- Wedding planning portfolios
- Networking and marketing
- Small business management
How Long Does It Take to Become an Event Planner?
This can depend on the route you choose to take. If you're planning to obtain a formal education, the amount of time it takes to become an event planner may correlate with the length of your program, which can range from months to years. Of course, a shorter-term program doesn't always mean you'll be in the field right away. And a longer program could include an internship that contains an on-the-job component, allowing you to start establishing a presence within the industry before you graduate.
Regardless, there is no common timeline for becoming an event planner. It all comes down to how long it takes for you, personally, to land a relevant job in the business.
How Long Does It Take to Become a Wedding Planner?
Specialized wedding planner or bridal consulting programs tend to be quite short in length and are often delivered through online or distance learning formats. This means they can be completed in just a short while, depending on the amount of time you are able to dedicate toward studying.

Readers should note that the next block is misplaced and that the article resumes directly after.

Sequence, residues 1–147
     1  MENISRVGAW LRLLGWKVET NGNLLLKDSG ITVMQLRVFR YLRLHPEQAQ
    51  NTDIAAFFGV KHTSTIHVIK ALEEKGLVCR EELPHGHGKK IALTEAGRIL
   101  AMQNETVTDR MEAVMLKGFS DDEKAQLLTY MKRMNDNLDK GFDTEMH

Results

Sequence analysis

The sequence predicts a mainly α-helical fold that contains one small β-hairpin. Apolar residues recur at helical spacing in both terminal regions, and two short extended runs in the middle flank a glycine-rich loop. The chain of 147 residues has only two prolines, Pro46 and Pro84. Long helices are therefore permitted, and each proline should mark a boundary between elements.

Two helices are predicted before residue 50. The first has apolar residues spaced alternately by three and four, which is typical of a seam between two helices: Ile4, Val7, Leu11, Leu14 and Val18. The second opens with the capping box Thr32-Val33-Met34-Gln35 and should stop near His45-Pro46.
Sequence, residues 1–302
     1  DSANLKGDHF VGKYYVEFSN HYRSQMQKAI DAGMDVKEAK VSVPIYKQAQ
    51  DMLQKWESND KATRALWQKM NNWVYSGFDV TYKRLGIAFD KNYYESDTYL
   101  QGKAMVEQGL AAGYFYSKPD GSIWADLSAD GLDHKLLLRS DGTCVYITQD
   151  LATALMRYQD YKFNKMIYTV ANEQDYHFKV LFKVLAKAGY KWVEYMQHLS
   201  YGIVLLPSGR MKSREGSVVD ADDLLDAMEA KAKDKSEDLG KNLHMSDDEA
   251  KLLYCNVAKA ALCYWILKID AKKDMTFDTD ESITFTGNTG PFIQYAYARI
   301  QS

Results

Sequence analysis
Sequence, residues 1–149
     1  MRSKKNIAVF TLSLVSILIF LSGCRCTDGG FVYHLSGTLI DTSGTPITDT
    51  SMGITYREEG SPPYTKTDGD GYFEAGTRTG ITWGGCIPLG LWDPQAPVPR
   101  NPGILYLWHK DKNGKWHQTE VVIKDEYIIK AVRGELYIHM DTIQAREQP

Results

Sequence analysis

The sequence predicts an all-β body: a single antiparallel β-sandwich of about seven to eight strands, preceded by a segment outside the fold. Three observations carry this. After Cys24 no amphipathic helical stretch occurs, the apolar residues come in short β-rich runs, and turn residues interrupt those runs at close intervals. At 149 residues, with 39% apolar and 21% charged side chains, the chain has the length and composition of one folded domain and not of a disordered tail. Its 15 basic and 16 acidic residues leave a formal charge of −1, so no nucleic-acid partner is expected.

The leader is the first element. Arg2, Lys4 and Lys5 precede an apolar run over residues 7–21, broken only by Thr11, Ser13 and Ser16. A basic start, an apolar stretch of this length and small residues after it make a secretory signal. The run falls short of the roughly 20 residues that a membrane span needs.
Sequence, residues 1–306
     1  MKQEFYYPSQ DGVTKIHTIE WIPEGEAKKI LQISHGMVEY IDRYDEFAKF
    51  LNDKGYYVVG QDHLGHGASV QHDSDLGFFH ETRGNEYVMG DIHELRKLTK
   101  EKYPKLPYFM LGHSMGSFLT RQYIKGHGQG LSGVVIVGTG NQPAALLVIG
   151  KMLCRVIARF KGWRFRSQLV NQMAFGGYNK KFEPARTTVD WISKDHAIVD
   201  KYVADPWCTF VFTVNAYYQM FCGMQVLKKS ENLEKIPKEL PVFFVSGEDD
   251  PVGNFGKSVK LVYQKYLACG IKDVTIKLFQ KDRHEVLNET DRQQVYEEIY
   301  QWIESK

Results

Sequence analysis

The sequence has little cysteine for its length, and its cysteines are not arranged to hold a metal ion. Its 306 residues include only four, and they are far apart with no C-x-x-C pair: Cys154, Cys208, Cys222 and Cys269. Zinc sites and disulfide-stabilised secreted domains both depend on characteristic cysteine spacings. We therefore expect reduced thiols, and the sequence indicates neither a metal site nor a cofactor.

It's important to keep in mind that these programs are generally geared for those who want to start and run their own wedding planning businesses. The ideal students for these programs are already working and will continue to work until their businesses can provide full-time pay.
So, although the programs might be short, the time to develop a career as a wedding planner can be longer, depending on the strength and size of your business.
How Much Do Event Planner Programs Cost?
Like any area of study, the cost can vary from school to school. You can expect to spend anywhere from a few hundred dollars for an online wedding planner course to more than $30,000 for a bachelor's degree program in hospitality management, marketing, or another related field.
When choosing the right school and program for your education, it's important to understand what you'll get for the price you have to pay.
Here are some factors to consider when evaluating the cost of individual programs:
- Value of school reputation